On Jan. 5, 1988, basketball legend Pete Maravich died playing the game he loved at the First Church of the Nazarene’s Parker Gymnasium in Pasadena, Calif. He was only 40 years old.

Maravich had been retired from his playing days for eight years. It was during his time away from the court that he turned his life around. Five years before his death he became a born-again Christian. He traveled the country sharing his story of transformation with groups and individuals.

Dr. James Dobson — the same James Dobson who relocated his Focus on the Family ministry to Colorado Springs about 30 years ago — was playing in a 4-on-4 basketball game in Parker Gym with Maravich when he died of heart failure.

Dobson told reporters that day that Maravich’s last words, less than a minute before he died, were, “I feel great. I just feel great.”

In July Dobson ran a two-part segment on his “Family Talk” radio program reflecting on that tragic day.

“How ironic that he was wearing a T-shirt that said, ‘Looking unto Jesus,’ because he was at that moment looking unto Jesus,” Dobson told his listeners. “He saw Him face-to-face.”

Maravich flew to southern California at Dobson’s request to do a segment with Dobson’s Focus on the Family Talk radio show. It was supposed to air the day after the pickup game. A break to play basketball with “Pistol Pete” was a treat everyone involved with the production was looking forward to with great anticipation.

Dobson invited former UCLA star center Ralph Drollinger along to play ball and he was more than happy to join in the fun.

After about 45 minutes, the players took a break. That was when Dobson asked Maravich how he felt. A moment later, he crashed to the floor.

Dobson and Drollinger administered CPR. An ambulance was called and those in the gym knelt in prayer.

“It was one of the most shocking experiences of my life,” Dobson told the Los Angeles Times in a 2007 interview. “To have a 40-year-old man, one of the great athletes of all-time, tell me that he was feeling great and then to just fall on his face without even breaking his fall ... and never taking another breath. I’ll never completely get over that.”

Pistol Pete is gone, but he will never be forgotten. To a generation of fans, Maravich — with his floppy socks and long black hair — was the most exciting player in the game. Nobody, before or since, dribbled with as much controlled chaos, shot the ball with more flair, or played as hard as the Pistol over his 13-year college and NBA career.

Growing up in Southern California I was a Los Angeles Lakers fan. I was fortunate to begin following the team when they had players like Wilt Chamberlain, Jerry West, Elgin Baylor, Gail Goodrich and other stars. But like everyone else my age, I loved Maravich and emulated his style of play.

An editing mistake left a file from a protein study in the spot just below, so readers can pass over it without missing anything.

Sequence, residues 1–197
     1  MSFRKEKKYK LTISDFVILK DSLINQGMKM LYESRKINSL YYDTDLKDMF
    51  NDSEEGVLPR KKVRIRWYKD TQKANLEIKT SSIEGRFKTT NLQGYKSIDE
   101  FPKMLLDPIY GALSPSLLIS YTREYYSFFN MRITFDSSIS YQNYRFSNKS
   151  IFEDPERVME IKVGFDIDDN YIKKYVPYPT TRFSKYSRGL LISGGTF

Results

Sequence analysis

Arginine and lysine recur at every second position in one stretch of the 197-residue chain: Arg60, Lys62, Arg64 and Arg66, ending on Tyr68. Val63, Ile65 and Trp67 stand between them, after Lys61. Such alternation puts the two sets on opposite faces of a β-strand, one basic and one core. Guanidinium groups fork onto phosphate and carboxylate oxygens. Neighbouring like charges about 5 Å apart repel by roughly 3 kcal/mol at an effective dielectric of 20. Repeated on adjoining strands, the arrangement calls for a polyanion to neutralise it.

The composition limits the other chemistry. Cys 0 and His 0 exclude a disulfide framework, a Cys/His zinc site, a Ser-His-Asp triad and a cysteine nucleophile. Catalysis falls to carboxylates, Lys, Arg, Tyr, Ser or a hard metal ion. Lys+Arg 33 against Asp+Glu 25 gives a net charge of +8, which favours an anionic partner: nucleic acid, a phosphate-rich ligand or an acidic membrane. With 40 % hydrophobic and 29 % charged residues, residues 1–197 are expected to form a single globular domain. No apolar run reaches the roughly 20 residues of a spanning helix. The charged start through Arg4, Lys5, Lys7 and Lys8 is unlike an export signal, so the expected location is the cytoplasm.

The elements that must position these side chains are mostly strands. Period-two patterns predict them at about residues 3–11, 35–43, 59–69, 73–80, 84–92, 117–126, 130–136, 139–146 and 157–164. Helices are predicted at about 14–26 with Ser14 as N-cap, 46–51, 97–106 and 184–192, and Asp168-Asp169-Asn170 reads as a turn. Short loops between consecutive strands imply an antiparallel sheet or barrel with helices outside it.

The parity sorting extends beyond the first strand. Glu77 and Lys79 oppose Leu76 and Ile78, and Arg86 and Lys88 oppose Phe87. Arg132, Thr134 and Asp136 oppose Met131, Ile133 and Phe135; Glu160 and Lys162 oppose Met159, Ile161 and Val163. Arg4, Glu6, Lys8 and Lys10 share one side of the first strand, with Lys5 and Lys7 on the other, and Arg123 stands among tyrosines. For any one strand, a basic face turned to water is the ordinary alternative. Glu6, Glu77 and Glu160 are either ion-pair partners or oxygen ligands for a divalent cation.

In those days, kids played basketball on the playground on asphalt courts as often as they could. A chain net hung from the basket that was attached to a metal backboard. When the ball clanked off the rim you could hear the sound for five square blocks.

If you were a hot dog player you dreamed of being Maravich. When I had the ball I would call out, “Maravich has the ball at the top of the key and he’s driving for the basket.” I would then pull up and shoot an off-balance 20-foot jumper that sometimes hit its mark. The real Maravich, it seemed, never missed.

The Pistol averaged a whopping 44.2 points per game at Louisiana State University in his three varsity seasons.

He was selected by the Atlanta Hawks with the third pick in the first round of the 1970 NBA Draft. In 10 seasons as a pro, he averaged 24.2 points per game and was a four-time all-star.

Injuries cut his career short and he retired in 1980. In 1987, he was inducted into the Naismith Memorial Basketball Hall of Fame as one of its youngest members in history.

I will always remember Maravich as one of the most exciting players in history. It is hard to believe he has been gone for 32 years.

Dobson, by the way, lives a couple of miles from me in Kissing Camels. His son, Ryan, lives in my neighborhood. Over the years, it’s been a common sight to see father, son and grandchildren walking outside my window.

I encourage you to read more about the life of Maravich. For many of us who admired him as a player, and more as a person, he was taken too soon. But what a lasting impact he has had for generations of fans.

Danny Summers has been covering sports at all levels in the Pikes Peak region since 2001. Send your story ideas and feedback to danny.summers@pikespeaknewspapers.com.

Load comments